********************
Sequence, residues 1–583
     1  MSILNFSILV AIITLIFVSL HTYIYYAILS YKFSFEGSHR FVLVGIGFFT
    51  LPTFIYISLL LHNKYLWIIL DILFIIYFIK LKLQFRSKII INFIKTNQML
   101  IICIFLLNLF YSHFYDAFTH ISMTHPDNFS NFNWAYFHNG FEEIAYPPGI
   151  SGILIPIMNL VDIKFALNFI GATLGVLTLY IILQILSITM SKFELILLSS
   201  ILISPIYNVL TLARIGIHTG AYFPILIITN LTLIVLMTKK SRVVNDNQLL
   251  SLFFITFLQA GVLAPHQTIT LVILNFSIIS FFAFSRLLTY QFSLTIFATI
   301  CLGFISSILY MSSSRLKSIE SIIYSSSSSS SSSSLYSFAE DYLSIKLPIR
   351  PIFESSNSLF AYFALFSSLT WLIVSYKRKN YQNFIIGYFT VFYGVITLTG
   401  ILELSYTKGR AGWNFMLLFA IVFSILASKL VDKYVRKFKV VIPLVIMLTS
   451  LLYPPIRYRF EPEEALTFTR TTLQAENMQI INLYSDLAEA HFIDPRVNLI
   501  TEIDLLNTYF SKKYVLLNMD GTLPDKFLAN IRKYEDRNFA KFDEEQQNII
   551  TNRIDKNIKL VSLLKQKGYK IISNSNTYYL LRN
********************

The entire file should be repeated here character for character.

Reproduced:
Sequence, residues 1–583
     1  MSILNFSILV AIITLIFVSL HTYIYYAILS YKFSFEGSHR FVLVGIGFFT
    51  LPTFIYISLL LHNKYLWIIL DILFIIYFIK LKLQFRSKII INFIKTNQML
   101  IICIFLLNLF YSHFYDAFTH ISMTHPDNFS NFNWAYFHNG FEEIAYPPGI
   151  SGILIPIMNL VDIKFALNFI GATLGVLTLY IILQILSITM SKFELILLSS
   201  ILISPIYNVL TLARIGIHTG AYFPILIITN LTLIVLMTKK SRVVNDNQLL
   251  SLFFITFLQA GVLAPHQTIT LVILNFSIIS FFAFSRLLTY QFSLTIFATI
   301  CLGFISSILY MSSSRLKSIE SIIYSSSSSS SSSSLYSFAE DYLSIKLPIR
   351  PIFESSNSLF AYFALFSSLT WLIVSYKRKN YQNFIIGYFT VFYGVITLTG
   401  ILELSYTKGR AGWNFMLLFA IVFSILASKL VDKYVRKFKV VIPLVIMLTS
   451  LLYPPIRYRF EPEEALTFTR TTLQAENMQI INLYSDLAEA HFIDPRVNLI
   501  TEIDLLNTYF SKKYVLLNMD GTLPDKFLAN IRKYEDRNFA KFDEEQQNII
   551  TNRIDKNIKL VSLLKQKGYK IISNSNTYYL LRN